First Lieutenant Philip S. Gage Jr, 29th Infantry
Second Lieutenant Carl A. Buechner, Jr 29th Infantry
Detail for the Board
3. Pursuant to authority granted by General Orders N°101, Headquarters, Fort Benning, Georgia, 1922, and under the provisions of Section VIII Army Regulations 615-360, April 4, 1935, a Board of Officers is appointed to meet at this station at the call of the senior member thereof for the purpose of investigating, making report, and recommendations as whether or not such persons as may be properly brought before it should be discharged prior to the expiration of their term of enlistment
Detail for the Board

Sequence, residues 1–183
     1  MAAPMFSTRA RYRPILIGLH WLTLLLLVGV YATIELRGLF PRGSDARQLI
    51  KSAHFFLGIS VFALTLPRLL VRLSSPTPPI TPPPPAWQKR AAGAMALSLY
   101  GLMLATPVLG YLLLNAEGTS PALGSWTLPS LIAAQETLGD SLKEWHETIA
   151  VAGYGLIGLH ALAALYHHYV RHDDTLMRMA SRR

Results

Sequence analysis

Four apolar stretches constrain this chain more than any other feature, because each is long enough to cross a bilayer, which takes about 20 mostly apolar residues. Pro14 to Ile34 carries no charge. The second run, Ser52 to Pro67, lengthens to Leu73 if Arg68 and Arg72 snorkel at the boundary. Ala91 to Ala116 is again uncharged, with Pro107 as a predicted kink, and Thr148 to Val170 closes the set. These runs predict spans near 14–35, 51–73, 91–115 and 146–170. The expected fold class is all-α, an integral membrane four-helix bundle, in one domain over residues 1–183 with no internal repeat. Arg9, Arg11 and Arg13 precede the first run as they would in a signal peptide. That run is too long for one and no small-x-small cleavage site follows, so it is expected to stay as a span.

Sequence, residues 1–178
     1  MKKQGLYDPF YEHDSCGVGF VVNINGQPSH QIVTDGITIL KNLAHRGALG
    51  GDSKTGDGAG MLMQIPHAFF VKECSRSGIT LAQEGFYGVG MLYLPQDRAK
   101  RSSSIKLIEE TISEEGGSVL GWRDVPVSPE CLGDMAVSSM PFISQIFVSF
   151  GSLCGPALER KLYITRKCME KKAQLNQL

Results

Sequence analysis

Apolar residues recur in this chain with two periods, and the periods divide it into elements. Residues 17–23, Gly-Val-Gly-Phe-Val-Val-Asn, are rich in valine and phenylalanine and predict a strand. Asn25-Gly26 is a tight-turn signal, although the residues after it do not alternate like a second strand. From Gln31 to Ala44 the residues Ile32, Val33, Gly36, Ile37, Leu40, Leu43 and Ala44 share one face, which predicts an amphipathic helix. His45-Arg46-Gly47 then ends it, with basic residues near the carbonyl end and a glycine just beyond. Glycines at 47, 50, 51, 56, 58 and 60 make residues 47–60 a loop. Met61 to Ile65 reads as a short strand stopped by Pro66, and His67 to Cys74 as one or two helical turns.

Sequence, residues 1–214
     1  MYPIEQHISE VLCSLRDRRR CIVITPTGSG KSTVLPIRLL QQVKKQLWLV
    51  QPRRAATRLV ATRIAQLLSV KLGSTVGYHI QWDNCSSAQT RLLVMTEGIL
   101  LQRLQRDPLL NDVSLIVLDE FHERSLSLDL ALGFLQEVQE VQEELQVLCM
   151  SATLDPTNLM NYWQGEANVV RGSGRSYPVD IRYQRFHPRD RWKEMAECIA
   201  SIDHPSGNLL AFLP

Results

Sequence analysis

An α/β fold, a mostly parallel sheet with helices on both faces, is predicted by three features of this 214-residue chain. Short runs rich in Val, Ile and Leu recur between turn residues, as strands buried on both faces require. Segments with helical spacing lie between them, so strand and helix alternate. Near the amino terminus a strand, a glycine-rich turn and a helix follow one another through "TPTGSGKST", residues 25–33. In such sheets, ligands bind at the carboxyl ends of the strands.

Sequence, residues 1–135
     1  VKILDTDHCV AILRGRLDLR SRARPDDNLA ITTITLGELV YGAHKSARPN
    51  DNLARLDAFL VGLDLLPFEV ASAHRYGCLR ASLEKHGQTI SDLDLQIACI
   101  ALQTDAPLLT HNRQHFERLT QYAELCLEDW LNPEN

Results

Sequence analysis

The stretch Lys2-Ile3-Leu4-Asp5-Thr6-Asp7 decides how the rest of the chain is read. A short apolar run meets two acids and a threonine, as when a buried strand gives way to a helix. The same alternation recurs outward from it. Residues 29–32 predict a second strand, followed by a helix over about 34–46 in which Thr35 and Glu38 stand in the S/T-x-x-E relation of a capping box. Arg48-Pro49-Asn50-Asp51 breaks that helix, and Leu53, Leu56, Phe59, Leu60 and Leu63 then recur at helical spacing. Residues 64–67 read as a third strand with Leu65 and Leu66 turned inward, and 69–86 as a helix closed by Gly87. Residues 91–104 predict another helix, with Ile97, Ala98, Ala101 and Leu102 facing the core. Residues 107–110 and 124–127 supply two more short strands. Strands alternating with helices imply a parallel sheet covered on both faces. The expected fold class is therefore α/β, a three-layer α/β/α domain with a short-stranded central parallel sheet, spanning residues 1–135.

Captain Richard Chase, 29th Infantry
First Lieutenant Francis T. Pachler, 29th Infantry
First Lieutenant Willis R. Crawford, 29th Infantry
4. Private John J. Sullivan, 7087204, having enlisted at this station for this regiment, is assigned to Company F, 29th Infantry, and will report to the company commander thereof for duty.
S.O. #127, Hq., 29th Infantry,July 1,1940, Contd.
5. Pursuant to authority granted by letter Headquarters The Infantry School, file N°580, subject : Test Platoon for duty with Infantry Board, dated July 1, 1940, the following named officer end enlisted men of the 29th Infantry are detailed on special duty with the Infantry Board, Fort Benning, Georgia, and will report to the president thereof for duty :
First Lieutenant William T. Ryder, 29th Infantry
Sergeant John M. Haley, 6375843, Company A,
Sergeant Benedict F. Jacquay, 6657783, Company C,
Sergeant Grady A. Roberts, 6382894, Company D,
Sergeant Robert B. Wade, 6372146, Company F,
Sergeant Norman J. McCullough, 6379058, Company M,
Sergeant Lemuel T. Pitts, 6395609, Company B,